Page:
Community Medicaid: The At-Home Care Option
Many Americans swear that they’ll never go to a nursing home. There is a stigma that it is a last resort option for people who are dying. In truth, many nursing facilities defy the stereotypes and provide positive environments where elderly people can live their final years productively with top-notch professional care and socialization with peers. For some people, the nursing home truly is the right choice. But for those who want to stay at home with loved ones, pets, and comfortable surroundings, the government provides an option known as Community Medicaid.
Private paying for care at home can easily result in costs of over $10,000 per month. For those who qualify, Medicaid will provide care in the home without cost. To qualify, clients can only have about $15,000 in assets and $800 in income. But unlike chronic care Medicaid for nursing home purposes, there is no five year look-back period on asset transfers. As such, individuals looking to qualify can move money, property, and other assets into an irrevocable trust or to a family member just one month before they apply. In doing so, people can get down to the $15,000 resource level quickly, without draining their funds in a spend-down.
Qualifying from an income perspective is more complex. A great many retired persons have an income (social security, pensions, IRA distributions, etc.) that exceeds the permitted amount. Their recourse is to create a pooled income trust. Across New York State, there are numerous nonprofit organizations that run trusts to help people qualify for Medicaid. Individuals can submit their excess income to the pooled trust on a monthly basis. Then, they can send bills (rent, taxes, credit cards, etc.) to the pooled trust and the trust will pay the bills. The money in the trust will roll over from month to month, but there is no death benefit. As such, it is important to have enough bills to send so that the money is nearly exhausted on a monthly basis. If an individual’s income is thousands of dollars more than his/her expenses, then the individual may end up submitting thousands of dollars to the pool which they will not recover. In cases of very high income individuals, it may make more sense to private pay then apply for Community Medicaid.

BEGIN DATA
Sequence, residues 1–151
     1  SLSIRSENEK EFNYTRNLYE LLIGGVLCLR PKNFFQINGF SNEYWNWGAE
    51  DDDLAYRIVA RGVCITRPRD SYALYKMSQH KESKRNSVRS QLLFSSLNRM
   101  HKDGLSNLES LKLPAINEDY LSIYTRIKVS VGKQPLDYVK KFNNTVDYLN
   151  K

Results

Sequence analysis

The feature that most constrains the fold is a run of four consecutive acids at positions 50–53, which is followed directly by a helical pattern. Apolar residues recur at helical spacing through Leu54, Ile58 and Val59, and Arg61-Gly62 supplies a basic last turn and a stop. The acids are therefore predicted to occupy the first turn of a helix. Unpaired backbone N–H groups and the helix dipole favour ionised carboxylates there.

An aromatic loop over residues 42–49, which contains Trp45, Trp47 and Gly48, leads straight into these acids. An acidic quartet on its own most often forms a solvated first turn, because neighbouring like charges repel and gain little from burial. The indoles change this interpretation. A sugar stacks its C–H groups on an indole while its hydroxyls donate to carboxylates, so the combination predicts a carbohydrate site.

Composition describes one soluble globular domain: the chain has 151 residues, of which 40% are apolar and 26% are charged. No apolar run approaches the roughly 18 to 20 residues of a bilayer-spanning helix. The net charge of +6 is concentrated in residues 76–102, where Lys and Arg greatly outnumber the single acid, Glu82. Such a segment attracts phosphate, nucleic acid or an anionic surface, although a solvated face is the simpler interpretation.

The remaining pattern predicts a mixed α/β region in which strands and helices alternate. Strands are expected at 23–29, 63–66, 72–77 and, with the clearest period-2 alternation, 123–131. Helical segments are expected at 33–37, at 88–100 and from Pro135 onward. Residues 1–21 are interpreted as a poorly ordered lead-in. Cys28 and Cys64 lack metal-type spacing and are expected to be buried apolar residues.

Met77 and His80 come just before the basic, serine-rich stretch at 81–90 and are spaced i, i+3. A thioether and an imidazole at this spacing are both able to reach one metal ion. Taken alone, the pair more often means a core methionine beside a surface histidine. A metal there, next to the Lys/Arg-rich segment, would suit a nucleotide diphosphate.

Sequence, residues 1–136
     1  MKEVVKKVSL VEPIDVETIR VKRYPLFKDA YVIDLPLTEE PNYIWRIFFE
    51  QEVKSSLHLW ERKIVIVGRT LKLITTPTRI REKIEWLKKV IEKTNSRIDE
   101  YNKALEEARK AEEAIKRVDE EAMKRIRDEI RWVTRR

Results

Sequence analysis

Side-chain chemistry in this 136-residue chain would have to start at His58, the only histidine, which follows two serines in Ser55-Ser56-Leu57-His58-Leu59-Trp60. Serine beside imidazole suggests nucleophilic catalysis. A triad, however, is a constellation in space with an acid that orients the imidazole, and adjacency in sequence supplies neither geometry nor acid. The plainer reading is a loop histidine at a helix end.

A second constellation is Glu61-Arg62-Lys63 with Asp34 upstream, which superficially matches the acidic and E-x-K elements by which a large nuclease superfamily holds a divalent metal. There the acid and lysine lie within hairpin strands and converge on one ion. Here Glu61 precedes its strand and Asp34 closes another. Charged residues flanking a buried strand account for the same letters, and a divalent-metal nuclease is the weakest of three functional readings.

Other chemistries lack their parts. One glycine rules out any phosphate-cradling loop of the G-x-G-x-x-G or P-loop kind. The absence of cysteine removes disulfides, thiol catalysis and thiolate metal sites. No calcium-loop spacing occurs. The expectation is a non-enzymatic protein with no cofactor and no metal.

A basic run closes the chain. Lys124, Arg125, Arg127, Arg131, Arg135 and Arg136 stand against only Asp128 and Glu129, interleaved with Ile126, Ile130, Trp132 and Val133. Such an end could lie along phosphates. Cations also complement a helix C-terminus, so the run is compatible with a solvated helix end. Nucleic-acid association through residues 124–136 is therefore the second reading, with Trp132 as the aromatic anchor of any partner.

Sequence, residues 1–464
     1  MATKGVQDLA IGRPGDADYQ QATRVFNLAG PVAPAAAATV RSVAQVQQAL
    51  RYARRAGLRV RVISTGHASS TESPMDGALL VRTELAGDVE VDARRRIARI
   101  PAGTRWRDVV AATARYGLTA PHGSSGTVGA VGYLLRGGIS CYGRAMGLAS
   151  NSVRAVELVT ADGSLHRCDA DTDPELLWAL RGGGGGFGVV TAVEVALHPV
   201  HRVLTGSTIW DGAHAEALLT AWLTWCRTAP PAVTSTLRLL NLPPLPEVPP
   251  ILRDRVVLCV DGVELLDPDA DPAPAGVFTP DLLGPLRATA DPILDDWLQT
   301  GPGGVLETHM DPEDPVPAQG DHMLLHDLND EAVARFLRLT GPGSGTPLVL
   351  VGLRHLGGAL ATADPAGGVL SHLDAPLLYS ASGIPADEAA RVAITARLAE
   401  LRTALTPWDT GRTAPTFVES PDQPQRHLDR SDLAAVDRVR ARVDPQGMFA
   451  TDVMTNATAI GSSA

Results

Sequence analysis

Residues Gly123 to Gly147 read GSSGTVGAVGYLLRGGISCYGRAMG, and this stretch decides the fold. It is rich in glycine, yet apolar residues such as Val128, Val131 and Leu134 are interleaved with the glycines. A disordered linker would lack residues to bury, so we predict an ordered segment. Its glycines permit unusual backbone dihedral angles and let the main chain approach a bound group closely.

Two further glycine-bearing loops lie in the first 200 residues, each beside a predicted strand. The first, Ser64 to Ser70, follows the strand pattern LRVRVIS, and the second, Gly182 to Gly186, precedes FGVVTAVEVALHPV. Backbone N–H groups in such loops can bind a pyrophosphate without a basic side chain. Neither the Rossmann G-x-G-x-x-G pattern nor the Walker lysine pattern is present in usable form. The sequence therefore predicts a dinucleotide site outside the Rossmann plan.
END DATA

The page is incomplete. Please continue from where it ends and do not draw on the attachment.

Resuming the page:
Because qualifying is relatively easy and staying in the home is an attractive option, Community Medicaid seems like the perfect choice. For many people, this is the case. But it has limitations:
- The county (via their independent evaluators) decides how many hours of care a patient will get. Sometimes, it can be 24-hour care. But in many cases, the number of hours is not enough, and has to be supplemented by private paying.
- Services providers, known as managed long-term care agencies, need to be available to actually deliver the care. Community Medicaid services are most commonly delivered through private companies that employ home health care workers and receive reimbursement from the county. While Orange County and the regions to the south and east are well served by such agencies, some upstate areas do not have the necessary service providers in place to deliver home care services.
- It takes time to apply. The counties vary, but it may take a number of months to get a Medicaid approval. Most service providers will expect to be compensated during that Medicaid pendency period, rather than deferring for later reimbursement.
- The service does not recreate a nursing home in an individual’s house. If someone needs a very high level of care from a team of professionals, a nursing home may be a more appropriate option. Furthermore, nursing homes permit socialization with peers that does not happen in the home care environment.
The advantages of Community Medicaid are clear cut. It allows sick elderly people to stay at home, near friends and family, and receive the care they need where they are most comfortable. Further, it does not require the rigorous document gathering and advance planning that a five year look-back period does for nursing home purposes. Individuals can make asset transfers and seek to become eligible as late as one month before requiring care. But all those interested should have an ongoing conversation with their family members and a qualified elder law attorney. While finances and asset protection are critical concerns, creating a care plan that makes an individual most comfortable is of paramount importance.